The passage writes that opposite existences unite to create a necessary whole, and therefore, cannot be separated. We should not call one good and the other bad because they cannot exist without one another. We may like one aspect more than the other, but we have to keep in mind that we can only do so when the other exists as a comparison. Without ugliness, how do we know what’s beautiful? Laozi is teaching us to look at things from a different perspective and appreciate the balance of yin and yang.
These poems discussed factors leading to immigration, such as poverty, arranged marriages through the “picture bride” system, and ambition. They communicated to historians the complex and differing stories of immigrants bravely facing a new world of American Sinophobia and Yellow Peril, allowing a more complex analysis of Asian-American history. These poems, alone, have shaped much of our modern understanding of early Asian
Chapter six examines the anti-Chinese sentiment with the emerging class antagonism and turmoil between white capitalists and workers. The unwelcomed arrival of Chinese immigrants brought along their own social organizations such as the huiguan, fongs, and tongs. These types of social organizations secured areas of employment and housing for Chinese immigrants in California. This social structure that was unknown to Anglos led them to also categorize Chinese on the same level as Indians by depicting them as lustful heathens whom were out to taint innocent white women. These images were also perpetuated onto Chinese women, thus, also sexualizing them as all prostitutes.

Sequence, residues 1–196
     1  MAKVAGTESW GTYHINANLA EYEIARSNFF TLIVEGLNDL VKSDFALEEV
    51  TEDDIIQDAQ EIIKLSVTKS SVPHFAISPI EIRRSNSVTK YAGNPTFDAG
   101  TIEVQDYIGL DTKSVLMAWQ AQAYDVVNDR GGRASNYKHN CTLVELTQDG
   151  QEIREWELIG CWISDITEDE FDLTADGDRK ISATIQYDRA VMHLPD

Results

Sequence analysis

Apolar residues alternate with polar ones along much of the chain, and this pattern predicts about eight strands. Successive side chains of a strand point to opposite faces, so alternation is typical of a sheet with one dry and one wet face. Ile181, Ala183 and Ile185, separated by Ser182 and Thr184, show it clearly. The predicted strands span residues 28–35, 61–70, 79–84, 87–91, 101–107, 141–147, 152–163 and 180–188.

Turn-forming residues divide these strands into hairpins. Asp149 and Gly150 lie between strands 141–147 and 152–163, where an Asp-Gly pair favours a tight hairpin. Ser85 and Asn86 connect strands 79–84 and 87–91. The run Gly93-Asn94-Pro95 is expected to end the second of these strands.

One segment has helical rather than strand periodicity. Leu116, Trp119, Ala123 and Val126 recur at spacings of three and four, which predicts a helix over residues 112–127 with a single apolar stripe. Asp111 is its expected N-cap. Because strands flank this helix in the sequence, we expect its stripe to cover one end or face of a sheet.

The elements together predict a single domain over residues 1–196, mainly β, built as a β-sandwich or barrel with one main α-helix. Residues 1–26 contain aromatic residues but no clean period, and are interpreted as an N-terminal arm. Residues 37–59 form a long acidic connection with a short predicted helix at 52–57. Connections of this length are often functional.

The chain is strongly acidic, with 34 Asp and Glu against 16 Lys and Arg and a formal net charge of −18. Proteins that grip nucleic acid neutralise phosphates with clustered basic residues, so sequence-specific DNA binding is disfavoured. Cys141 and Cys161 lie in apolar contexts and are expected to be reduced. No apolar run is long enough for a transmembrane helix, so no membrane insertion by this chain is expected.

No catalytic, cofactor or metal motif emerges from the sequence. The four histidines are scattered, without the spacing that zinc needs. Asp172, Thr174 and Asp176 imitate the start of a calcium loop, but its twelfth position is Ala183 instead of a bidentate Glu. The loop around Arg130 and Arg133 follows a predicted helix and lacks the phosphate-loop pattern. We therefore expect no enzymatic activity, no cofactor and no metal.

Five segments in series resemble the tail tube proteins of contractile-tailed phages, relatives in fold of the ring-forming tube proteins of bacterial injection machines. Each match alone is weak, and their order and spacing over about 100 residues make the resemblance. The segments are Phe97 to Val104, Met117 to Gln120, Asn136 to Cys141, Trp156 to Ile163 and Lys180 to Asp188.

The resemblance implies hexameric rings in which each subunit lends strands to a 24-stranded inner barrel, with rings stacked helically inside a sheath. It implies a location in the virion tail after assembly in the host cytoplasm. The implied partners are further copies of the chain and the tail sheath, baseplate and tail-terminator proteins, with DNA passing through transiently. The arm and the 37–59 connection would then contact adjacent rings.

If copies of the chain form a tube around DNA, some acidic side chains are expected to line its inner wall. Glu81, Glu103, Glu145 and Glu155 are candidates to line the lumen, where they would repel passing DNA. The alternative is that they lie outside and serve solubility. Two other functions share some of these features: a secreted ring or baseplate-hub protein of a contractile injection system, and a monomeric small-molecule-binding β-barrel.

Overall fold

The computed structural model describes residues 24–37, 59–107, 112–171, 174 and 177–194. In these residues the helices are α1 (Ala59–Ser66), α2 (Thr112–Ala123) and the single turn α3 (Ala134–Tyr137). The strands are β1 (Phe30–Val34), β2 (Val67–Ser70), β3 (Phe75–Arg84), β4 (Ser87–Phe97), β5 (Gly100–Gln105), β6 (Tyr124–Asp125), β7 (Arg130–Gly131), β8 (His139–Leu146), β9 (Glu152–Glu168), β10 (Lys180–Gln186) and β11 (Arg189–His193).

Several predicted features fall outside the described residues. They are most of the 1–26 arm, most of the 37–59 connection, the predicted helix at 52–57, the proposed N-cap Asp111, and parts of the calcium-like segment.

Yin-Yang theory is the Chinese symbol of creation that explained the binary opposition and the balance between two opposites. According to the terms of yin and yang, women were yin and men were yang. “Yin was soft, yielding, receptive, passive, reflective, and tranquil, whereas yang was hard, active, assertive, and dominating. Day and night, winter and summer, birth and death.” (Ebrey, 2010).
“The concept of Qi is based on the ancient Chinese initial understanding of natural phenomena.” (Acuhealing.com, 2011) People in ancient China observed that some visible and touchable substances in nature would transform into another invisible and formless substances, namely water transform into fog under evaporation. The observation drives them realize the existence of qi. Besides, in the Yin-yang theory, they believe that all the things are in yin and yang cooperation system, and have yin side and yang side.
Tan expresses the life experiences of Chinese immigrants to the United States and attempts to depict the relationship of a mother and daughter through her significant piece of writing ‘The Joy Club’. Therefore, all these authors somehow portrayed their early struggles and their view point towards life from their literary
As many Chinese-Americans grew up in the 1960’s, one women described it best in her multiple literary works. Bestselling, Chinse-American writer, Amy Tan in her autobiographic essay, “Fish Cheeks”, illustrates her humiliating experience at a Christmas Eve dinner at the age of fourteen. Tan’s purpose is to interpret the idea of how her mother cared for Tan deeply and wanted her to be proud of her Chinese heritage and family. She adopts a nostalgic tone in order to engage relatable thoughts and feelings in her adult readers. Even decades after the essay had been written, readers can still relate to the embarrassing situation that Tan had to face.